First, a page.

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Chapter 1

Asta Kieding stood gripping the windowsill, face impassive even as her foot tap-tap-tapped against the stone floor. Beyond her little window, the snowstorm raged on, a roaring beast that clawed at the Keep as if it could tear away the mountain itself. She couldn't see more than a few inches outside; the world had been reduced to a never-ending wall of white.

She hated snow. It was pretty enough to look at – when it wasn't so thick she couldn't see her hand in front of her face – but as soon as she stepped outside, felt the soft crunch beneath her boots and knew her toes would be numb in a few moments, knew the water would always somehow manage to seep through her gloves, all the beauty was gone for her. She couldn't help it; she had always been that way. Her mother had always said Asta had more of her father's blood, that she would have been more at home in the open, sweeping beaches of Hestil than the cold, brutal climate of Aprye.

Leanne called her mad for it.

A fresh flurry of snow attacked her window, and Asta's heart lurched. However much her friend loved the snow, she doubted that the blizzard could be a comfort to anyone.

Her foot tap-tap-tapped faster.

"Pining, are you?" Said a voice from the doorway.

She scowled. "Haven't you ever heard of knocking?"

"When's the last time you knocked before barging into my room?"

Her brother Damon sauntered in and came to a stop beside her, resting his elbows on the sill. His brown eyes were bright with amusement, though the smile on his face was forced and stiff.

The window rattled in its frame, and she clenched her jaw. Damon dropped the false smile.

"What's wrong?"

"Go away."

"Tell me what's wrong."

She said nothing. The only sound was the howling of the wind outside and the incessant tap-tap-tap of her foot.

"They're late."

She sounded like a slighted dinner host, and that, more than anything, was what filled her with sudden fury.

"They're late!" She cried, bringing her hand down with a whap on the sill. "They could be dead already, for all we know! And how the hell is a search party going to find them in this?"

"Hey," her brother said gently, "I'm sure they're fine – "

"Micah wasn't."

The words were out before she could stop them, and she bit her lip, memories of her oldest brother's crippled leg prowling through her mind.

Damon sighed, dragging his hands through his black hair. "Micah was... different. You know that."

She nodded, wringing her hands, though her foot tap-tap-tapped more urgently than ever.

It was the night of two years ago all over again, when she'd paced and paced for hours on end, biting her nails to stubs while she waited for her brother to come home.

Damon seemed to be thinking the same thing, for his face softened and he gently took her by the shoulders. "I made it, didn't I?"

She nodded.

"And you looked ready to piss yourself with fear by the time I got back, so you must have more faith in Leanne and Basil than you did in me."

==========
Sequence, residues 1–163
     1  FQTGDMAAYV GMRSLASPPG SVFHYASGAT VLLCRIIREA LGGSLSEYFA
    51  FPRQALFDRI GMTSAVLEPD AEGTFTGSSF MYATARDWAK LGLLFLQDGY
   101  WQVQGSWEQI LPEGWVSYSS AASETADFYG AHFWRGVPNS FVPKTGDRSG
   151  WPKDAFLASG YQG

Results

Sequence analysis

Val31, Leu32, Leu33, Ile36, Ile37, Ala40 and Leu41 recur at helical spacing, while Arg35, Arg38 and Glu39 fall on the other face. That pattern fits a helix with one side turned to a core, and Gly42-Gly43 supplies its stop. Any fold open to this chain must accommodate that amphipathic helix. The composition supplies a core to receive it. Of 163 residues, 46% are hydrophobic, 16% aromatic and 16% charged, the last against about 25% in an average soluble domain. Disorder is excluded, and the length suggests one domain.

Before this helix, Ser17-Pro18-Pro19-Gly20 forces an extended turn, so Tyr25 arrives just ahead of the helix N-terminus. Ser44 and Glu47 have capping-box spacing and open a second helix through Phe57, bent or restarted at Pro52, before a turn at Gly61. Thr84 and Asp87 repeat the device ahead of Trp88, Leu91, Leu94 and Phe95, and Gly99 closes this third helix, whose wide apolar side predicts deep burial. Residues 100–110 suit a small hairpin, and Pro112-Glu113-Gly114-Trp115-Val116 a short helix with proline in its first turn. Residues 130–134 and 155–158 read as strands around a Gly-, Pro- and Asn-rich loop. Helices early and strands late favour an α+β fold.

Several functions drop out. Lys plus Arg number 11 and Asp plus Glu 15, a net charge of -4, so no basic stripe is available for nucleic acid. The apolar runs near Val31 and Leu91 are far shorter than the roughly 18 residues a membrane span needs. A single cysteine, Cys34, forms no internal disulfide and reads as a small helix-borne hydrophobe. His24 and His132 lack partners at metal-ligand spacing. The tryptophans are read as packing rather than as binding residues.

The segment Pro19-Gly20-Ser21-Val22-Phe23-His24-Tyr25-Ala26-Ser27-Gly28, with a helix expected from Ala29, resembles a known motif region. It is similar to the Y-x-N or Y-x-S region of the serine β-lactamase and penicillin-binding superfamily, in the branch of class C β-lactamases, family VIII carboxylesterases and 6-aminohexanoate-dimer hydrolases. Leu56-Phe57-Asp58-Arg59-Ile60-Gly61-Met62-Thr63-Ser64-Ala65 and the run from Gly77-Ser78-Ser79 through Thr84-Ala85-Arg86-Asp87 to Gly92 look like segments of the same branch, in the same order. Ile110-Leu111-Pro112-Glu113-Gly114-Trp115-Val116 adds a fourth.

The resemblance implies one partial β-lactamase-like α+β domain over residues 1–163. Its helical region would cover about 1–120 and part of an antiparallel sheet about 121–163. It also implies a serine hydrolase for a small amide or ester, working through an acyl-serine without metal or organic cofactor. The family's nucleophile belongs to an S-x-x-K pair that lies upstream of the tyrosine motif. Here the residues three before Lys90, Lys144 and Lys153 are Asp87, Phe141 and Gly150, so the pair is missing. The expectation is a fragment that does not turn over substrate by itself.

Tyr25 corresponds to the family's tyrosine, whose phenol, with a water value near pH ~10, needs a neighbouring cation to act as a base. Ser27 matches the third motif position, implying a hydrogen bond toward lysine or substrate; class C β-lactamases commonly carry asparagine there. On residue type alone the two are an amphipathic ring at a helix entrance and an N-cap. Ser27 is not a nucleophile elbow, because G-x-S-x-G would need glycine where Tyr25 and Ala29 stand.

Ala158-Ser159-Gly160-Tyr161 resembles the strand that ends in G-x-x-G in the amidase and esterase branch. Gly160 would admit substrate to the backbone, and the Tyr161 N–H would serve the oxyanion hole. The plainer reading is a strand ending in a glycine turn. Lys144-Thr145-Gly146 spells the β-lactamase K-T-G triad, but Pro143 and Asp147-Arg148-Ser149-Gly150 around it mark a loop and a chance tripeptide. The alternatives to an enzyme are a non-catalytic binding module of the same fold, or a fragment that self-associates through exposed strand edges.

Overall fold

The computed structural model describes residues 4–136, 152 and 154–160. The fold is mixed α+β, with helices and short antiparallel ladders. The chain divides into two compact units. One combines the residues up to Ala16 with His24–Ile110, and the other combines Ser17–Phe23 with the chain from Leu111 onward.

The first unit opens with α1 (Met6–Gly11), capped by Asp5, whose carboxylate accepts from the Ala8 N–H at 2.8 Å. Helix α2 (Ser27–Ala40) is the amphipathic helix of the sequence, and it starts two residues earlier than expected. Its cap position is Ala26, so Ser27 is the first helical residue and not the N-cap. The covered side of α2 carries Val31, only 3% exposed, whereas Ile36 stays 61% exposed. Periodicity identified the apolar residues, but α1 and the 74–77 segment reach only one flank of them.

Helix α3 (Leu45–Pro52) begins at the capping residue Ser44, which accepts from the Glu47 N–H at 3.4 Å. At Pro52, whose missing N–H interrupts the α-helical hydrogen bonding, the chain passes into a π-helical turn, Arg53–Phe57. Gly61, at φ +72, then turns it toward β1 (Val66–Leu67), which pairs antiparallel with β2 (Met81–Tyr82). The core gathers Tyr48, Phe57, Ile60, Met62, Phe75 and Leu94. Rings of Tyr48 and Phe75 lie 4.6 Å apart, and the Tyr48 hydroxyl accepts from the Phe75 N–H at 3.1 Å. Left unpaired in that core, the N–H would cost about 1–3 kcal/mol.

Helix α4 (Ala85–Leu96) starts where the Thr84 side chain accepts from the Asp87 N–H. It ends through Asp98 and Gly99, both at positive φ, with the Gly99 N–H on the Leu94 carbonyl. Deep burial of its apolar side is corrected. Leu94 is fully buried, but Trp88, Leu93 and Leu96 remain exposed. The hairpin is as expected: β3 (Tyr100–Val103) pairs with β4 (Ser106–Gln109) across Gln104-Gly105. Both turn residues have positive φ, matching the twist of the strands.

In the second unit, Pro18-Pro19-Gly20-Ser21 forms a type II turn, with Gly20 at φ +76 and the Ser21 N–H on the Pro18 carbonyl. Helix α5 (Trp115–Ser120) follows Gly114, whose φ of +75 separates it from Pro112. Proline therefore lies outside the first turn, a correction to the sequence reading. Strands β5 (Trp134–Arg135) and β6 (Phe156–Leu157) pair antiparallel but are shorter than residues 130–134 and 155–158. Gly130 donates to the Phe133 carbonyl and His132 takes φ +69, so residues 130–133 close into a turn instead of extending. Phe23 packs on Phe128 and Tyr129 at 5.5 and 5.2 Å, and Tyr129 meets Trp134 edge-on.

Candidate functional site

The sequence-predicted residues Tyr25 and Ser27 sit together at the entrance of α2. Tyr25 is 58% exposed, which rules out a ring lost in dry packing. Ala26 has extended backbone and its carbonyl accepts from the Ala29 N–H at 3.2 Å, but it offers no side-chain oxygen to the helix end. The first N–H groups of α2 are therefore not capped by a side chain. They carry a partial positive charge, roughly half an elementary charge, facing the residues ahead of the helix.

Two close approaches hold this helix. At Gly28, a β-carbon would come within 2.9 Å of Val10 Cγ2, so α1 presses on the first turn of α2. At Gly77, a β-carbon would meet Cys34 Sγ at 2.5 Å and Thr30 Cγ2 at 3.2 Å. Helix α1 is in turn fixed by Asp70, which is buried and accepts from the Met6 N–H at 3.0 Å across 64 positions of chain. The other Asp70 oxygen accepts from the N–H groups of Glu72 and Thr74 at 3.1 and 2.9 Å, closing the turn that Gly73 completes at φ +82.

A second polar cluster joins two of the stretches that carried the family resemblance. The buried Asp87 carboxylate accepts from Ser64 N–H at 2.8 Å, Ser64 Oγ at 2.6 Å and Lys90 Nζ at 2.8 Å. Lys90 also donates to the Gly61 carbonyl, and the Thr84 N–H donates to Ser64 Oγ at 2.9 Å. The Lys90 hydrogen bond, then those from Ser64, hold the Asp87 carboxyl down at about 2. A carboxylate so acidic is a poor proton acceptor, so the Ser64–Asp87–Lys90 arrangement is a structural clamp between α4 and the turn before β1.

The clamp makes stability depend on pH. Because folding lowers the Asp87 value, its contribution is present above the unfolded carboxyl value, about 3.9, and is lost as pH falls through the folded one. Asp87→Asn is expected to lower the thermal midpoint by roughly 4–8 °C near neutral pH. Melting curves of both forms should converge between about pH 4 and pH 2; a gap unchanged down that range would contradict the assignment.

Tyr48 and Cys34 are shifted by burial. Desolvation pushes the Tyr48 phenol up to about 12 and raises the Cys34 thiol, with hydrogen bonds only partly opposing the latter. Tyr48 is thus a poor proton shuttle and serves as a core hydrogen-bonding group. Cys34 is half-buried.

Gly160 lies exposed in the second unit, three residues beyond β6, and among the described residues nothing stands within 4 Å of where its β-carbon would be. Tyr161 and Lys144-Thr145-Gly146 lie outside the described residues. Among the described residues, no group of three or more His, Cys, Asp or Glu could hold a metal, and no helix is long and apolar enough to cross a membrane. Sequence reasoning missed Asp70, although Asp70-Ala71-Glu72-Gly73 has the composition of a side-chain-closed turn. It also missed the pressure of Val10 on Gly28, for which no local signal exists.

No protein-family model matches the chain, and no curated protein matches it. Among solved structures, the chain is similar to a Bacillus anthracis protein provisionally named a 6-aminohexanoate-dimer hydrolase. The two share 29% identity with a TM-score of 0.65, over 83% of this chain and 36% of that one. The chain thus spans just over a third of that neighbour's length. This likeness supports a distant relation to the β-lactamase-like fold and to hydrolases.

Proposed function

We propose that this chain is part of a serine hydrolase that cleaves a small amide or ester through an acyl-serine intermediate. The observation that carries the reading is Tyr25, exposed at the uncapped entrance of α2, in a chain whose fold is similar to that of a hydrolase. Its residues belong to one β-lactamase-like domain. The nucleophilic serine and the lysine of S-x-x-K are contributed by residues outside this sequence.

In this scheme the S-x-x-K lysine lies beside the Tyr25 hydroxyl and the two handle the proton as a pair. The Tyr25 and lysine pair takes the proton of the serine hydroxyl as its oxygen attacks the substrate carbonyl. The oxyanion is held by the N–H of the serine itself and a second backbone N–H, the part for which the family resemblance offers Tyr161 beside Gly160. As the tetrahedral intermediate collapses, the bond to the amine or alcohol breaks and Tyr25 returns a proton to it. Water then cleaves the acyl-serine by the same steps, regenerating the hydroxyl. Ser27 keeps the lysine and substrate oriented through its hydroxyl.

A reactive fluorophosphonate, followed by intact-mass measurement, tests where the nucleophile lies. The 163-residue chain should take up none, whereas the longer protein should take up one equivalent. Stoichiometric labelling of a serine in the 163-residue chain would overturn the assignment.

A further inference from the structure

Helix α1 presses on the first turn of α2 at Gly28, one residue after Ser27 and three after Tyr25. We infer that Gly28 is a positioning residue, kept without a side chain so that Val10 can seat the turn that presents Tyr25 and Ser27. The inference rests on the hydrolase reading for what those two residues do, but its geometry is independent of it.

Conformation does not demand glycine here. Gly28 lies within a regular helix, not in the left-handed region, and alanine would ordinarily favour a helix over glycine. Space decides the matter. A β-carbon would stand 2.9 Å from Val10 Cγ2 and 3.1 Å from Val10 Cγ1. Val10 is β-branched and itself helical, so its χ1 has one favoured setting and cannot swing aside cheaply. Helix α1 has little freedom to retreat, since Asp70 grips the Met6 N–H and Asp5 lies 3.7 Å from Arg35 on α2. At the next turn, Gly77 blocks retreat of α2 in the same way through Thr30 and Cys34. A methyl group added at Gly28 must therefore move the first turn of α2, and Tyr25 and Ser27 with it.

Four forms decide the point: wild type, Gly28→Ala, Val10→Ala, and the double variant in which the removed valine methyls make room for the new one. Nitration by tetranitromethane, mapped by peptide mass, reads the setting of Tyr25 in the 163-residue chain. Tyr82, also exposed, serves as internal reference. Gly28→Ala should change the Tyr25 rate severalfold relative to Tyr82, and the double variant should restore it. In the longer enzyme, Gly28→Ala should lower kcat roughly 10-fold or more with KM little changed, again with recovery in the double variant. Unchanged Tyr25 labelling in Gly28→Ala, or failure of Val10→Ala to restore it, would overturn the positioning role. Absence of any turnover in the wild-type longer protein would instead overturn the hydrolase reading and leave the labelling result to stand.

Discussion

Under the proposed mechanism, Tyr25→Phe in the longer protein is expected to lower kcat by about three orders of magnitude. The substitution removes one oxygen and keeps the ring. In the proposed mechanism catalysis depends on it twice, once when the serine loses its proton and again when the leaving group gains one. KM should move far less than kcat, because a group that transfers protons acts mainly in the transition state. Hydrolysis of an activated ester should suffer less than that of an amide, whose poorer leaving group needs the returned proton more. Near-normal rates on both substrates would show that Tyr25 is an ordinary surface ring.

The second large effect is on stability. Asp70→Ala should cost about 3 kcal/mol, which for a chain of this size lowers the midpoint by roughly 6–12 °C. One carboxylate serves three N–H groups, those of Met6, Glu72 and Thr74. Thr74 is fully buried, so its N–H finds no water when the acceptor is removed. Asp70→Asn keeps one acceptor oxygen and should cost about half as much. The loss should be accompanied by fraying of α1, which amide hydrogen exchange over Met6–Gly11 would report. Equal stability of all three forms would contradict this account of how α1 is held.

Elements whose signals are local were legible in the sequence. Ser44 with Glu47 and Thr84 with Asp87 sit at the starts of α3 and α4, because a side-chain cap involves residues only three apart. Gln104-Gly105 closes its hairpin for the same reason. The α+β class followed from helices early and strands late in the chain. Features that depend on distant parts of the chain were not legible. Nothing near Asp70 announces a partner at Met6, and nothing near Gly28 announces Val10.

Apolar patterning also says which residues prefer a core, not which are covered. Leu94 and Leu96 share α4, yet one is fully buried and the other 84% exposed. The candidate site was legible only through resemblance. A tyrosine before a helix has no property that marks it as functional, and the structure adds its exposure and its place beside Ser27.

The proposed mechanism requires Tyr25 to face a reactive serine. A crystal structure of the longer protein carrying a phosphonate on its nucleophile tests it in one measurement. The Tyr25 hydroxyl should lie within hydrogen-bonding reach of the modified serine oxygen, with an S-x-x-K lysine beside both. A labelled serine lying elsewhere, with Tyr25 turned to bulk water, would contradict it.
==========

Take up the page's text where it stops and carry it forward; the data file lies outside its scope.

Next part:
She let out a cry of indignation and punched him in the arm. Her brother laughed, clutching the bruise, and she fought against the smile that tried to rise to her lips.

"Come on, Skiff," he said, grinning as he ruffled her hair. "Let's eat."

The mess hall was an almighty swell of noise made up of the clatter of forks against plates, the scraping of chairs on the stone floor and the ever-present buzz of chatter that crowned it all. After nearly three years at Hunter's Keep, Asta could read the noise like an open book. Some days it was full of raucous laughter and bawdy songs; other days it was quieter, the diners barely drowning out the crackling of the hearth fires.

Tonight, the hall was a low hum of noise that had fear once again curling in her gut. She fisted her hands in the folds of her black novice's cloak and fought the urge to run from the room.

"You alright?" Damon asked.

She would not flee like a frightened hare. She would stay, and if – when – her friends returned, she would cheer with the others and curse herself for being such a fool.

She lifted her chin a fraction. "I'm fine."

The words tasted foul, but she forced herself to believe them. Maybe, if she could believe it, it might actually come true.

They crossed to the side of the room, where great bubbling pots of stew and loaves of hot, crusty bread were waiting. Asta's stomach growled as the steam brushed her face and filled her nose. Determined not to let her worry spoil it, she grabbed the ladle and began to fill her bowl.

"I'm going to miss this," she said with a sigh. The snowstorm was only a precursor for what was to come once winter truly arrived. Soon, the wagonfuls of grain and meat and fish would stop, and they would be eating out of their stores and whatever the mountains had to offer. While they might find the occasional deer, most would have headed towards the southern side of the mountains, seeking warmer weather – where no human was stupid or desperate enough to go.

Then again, a human – however sane – could only eat so much snow fox and stringy wolf meat before they tired of it. They rarely resorted to eating the horses; hardy and huge, specially bred for the mountain environment, the horses were more valuable than their weight in gold.

Perhaps this would be the year that the hunters finally decided to brave the monstrous fey found on the other side of the mountains – and nearly everywhere else, aside from Hestil and a few scattered islands.

She found a spot at one of the stone tables, and Damon took a seat across from her. Ravenous, Asta shovelled stew into her mouth, determined to enjoy this bit of good meat, even if she was still so worried it would be a wonder if she managed to keep it all down.

"Gods, Devan must have pushed you at training today," Damon said, slightly incredulously, as she polished off her bowl and reached for a loaf of bread, breaking the still-hot crust and wiping up the gravy left behind.

She gave a noncommittal grunt. The truth was she'd been too riled and nervous to eat earlier.

"Mother would kill you if you ate like that at home," he said, arching an eyebrow.

"Good thing mother's not here, then."

The bread now gone, she rose to her feet for more food. By the time her brother finished eating, she had finished two bowls of stew and three loaves of bread. Stomach full to bursting now, she leaned back in her seat and sighed.

Her brother huffed a laugh and set his empty bowl aside, drawing a worn pack of cards from the inner pocket of his cloak. "Want a game?"

"I always win," she said drowsily.

"Come on," he said, deftly shuffling the deck, "I've got a good feeling about today."